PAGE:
The government has been accused of a "callous disregard" for pupils' safety after admitting just 15% of new schools are being built with sprinklers to tackle fires.
Schools minister Nick Gibb said 105 of the 673 schools built and open by February were fitted with sprinklers.
The government said sprinklers were installed when "considered necessary".
But the Fire Brigades Union said the government was showing "utter complacency" on fire safety in schools.
"We've made it clear that newly-built schools and other high-risk buildings should have sprinkler systems," added the FBU.
"Sprinklers can assist in the control of a fire in its early stages, limiting damage and giving occupants additional time to escape, as well as reducing the risks faced by firefighters attending the incident."
Sprinklers are mandatory in new school buildings in Scotland and Wales, but not in England.
Government guidance on safe school design says all new premises should be fitted with sprinklers "except in a few low-risk schools".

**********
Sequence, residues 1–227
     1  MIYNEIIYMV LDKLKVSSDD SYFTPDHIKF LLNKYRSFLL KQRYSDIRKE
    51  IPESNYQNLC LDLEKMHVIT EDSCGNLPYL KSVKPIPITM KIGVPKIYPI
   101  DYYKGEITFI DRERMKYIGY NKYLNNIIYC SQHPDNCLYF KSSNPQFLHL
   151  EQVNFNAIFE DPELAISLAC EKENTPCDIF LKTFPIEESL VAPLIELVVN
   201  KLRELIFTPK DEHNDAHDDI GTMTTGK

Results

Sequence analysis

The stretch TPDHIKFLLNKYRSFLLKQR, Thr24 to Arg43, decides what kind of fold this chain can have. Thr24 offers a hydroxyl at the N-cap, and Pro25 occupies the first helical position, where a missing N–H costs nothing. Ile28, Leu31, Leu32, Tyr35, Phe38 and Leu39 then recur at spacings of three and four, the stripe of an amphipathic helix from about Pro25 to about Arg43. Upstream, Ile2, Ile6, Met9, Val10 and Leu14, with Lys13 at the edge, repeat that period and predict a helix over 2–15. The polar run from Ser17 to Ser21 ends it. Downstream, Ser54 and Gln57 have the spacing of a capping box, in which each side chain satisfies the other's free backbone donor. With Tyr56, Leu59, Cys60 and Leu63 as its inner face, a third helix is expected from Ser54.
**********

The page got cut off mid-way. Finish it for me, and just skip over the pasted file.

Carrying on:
There were no fatalities from school fires in the eight years up to 2017/18, but there were 244 casualties, according to official figures.
The National Education Union said it was "perverse" that ministers were not enforcing the advice.
The Department for Education stressed pupil and staff safety was "paramount", and defended its record.
It added: "All new school buildings must be signed-off by an inspector to certify that they meet the requirements of building regulations and where sprinklers are considered necessary, they must be installed."
The new data came in response to a question from Labour MP and former teacher Stephanie Peacock, who said: "The ridiculous thing is that we spend far more rebuilding and repairing schools after fires than we would have paid to install sprinklers in the first place."